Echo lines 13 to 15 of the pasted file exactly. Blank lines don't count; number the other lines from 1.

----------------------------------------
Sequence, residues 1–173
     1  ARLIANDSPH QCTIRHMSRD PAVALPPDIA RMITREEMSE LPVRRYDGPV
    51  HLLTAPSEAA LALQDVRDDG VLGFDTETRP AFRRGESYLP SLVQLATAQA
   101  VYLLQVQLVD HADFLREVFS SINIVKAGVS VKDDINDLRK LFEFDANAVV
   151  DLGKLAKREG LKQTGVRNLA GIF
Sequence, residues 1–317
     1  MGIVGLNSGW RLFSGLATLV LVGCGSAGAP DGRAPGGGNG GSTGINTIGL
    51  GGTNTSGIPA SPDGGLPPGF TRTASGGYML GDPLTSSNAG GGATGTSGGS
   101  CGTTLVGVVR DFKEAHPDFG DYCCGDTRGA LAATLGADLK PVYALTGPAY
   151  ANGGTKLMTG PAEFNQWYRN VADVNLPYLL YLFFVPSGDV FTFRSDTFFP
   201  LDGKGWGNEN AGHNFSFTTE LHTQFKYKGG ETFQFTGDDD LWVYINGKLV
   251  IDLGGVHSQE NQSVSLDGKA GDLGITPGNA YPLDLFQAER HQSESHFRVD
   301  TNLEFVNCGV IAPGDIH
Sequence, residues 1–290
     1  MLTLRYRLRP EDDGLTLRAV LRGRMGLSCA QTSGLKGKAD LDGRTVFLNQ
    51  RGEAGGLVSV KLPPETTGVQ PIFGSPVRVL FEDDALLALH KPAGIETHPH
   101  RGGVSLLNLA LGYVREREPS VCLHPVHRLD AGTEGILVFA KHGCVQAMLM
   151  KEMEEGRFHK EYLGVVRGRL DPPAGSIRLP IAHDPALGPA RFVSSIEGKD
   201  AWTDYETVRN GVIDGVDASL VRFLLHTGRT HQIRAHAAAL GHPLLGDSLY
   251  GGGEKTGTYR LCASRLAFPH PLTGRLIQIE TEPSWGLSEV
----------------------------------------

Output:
   301  TNLEFVNCGV IAPGDIH
Sequence, residues 1–290
     1  MLTLRYRLRP EDDGLTLRAV LRGRMGLSCA QTSGLKGKAD LDGRTVFLNQ